"You can't look it up," her aunt said. "Level Three Security Clearance. We're part of the Black Heart. If the MSY has a secret police, we're it. It's not as scary as it sounds—it's just that there are some enforcement actions that don't fall into the legal structure of the MSY Rules Committee, or violate Governance Ordinances. Essentially, we do what the Soul Guard can't, at least not legally. Governance doesn't like us much, but leaves us alone."
The girl sucked in a breath, then sighed.
"I used to be her student, you know, long ago. I'm not her most recent student, but I'm the only one who happens to be in Internal Security. I guess that's why they thought they should give me the job. I—"
She paused, as if thinking.
"We've been trying to track Homura ever since she disappeared. Despite what everyone's been told, she did leave behind a trail, right after she disappeared. There's evidence that she traveled to a few other major battle sites, in the early months, casting her aura and helping the fight. We have no idea how she avoided detection, but after a while, the trail goes cold. That's when she really disappears. We've been chasing leads for two decades, following reported sightings, unidentified magical girls, things of that sort, but it's always been dead ends, hoaxes, mistakes, or something else entirely. What's confusing is—"
She stopped abruptly, then recovered, continuing:
"Well, I can't talk about everything. Anyway, there is a reason I'm telling you this. It's—well, it's half the reason I never met you, not until now. There were secrecy concerns, better if I didn't even have a family, but also—"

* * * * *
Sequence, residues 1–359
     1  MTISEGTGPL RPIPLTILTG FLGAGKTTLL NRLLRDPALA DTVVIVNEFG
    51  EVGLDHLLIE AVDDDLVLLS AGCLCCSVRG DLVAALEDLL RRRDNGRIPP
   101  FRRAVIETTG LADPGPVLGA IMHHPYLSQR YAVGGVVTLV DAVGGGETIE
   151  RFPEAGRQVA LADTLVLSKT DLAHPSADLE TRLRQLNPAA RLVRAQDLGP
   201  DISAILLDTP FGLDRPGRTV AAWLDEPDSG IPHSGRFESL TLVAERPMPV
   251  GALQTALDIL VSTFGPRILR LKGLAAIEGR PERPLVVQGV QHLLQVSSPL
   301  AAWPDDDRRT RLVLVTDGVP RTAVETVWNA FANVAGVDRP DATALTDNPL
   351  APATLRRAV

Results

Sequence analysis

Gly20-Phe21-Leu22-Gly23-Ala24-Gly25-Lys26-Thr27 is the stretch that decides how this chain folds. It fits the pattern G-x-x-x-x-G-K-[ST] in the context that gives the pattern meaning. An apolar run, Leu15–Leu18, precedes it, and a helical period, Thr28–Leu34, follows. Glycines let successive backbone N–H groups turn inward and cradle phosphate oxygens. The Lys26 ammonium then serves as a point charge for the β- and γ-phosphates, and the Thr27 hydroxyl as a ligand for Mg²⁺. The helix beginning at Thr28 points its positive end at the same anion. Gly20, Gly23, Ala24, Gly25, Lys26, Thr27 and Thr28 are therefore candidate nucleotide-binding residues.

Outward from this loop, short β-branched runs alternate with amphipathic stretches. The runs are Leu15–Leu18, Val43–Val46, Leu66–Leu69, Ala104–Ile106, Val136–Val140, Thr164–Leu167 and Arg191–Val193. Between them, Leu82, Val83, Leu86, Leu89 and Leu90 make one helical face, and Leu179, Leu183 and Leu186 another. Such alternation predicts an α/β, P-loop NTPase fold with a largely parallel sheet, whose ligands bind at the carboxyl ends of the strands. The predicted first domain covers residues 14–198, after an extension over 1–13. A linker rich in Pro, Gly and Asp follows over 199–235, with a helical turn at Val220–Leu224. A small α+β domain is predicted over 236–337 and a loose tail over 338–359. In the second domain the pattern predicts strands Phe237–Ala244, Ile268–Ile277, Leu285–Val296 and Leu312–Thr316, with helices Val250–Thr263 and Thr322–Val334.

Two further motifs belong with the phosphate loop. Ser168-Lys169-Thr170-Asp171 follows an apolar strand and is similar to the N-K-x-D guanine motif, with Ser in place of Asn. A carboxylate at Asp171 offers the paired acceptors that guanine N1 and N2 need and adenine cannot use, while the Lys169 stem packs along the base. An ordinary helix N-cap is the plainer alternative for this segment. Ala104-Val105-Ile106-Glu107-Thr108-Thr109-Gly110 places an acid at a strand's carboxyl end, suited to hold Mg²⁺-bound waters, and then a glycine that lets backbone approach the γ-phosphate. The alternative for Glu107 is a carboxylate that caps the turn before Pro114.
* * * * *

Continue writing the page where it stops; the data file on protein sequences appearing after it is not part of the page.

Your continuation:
Again she stopped, while Ryouko watched her with slightly wide eyes.
"I'm sure you're tired of me avoiding the main point," her aunt said, voice soft. "So let me say that there's a reason your mother is having me do this, instead of just telling you herself. It's because unlike her, I can transfer memories."
Ryouko blinked at her, taking a moment to grasp what she was implying.
"Are you saying—" she began.
"It will make things easier," the other girl interrupted. "Do you mind sitting down?"
Ryouko looked around, but there were no chairs in the immediate vicinity. After a bit of hesitation, she sat herself on the grass.
"I spent a long time putting this together," her aunt said, sitting as well. "A long time. Most of it is fuzzy, because it all predates any of the TacComp perfect recall stuff, but that actually makes it more focused, strangely enough. Ever use a VR simulation?"
Ryouko shook her head no.
"Though I have been through the installation process, if that counts?" she said, making it a question.
"It's not the same," Nana said, shaking her head, "but I guess that's why I asked you to sit. Hold on, it will take a moment to transfer."
"A moment to transfer?"
"Just wait a moment."
They watched each other for a long moment, as Ryouko mused over what it meant for something to take time to transfer.
Done, her TacComp thought. You may trigger the memory recall when ready. I recommend closing your eyes. Would you like partial or total immersion?
She looked at the other girl, who was watching her with a slight frown, as if concerned about something.
"Go ahead," the girl said.
Total, please, Ryouko thought, thinking back to her vision at the Ribbon, and wondering if this would be similar.
What am I in store for? she thought.
Then she triggered it. For a moment nothing happened, and then the world vanished around her.
For a moment, all was oblivion, and the blackness pressed in upon her, but then her mind began to clear…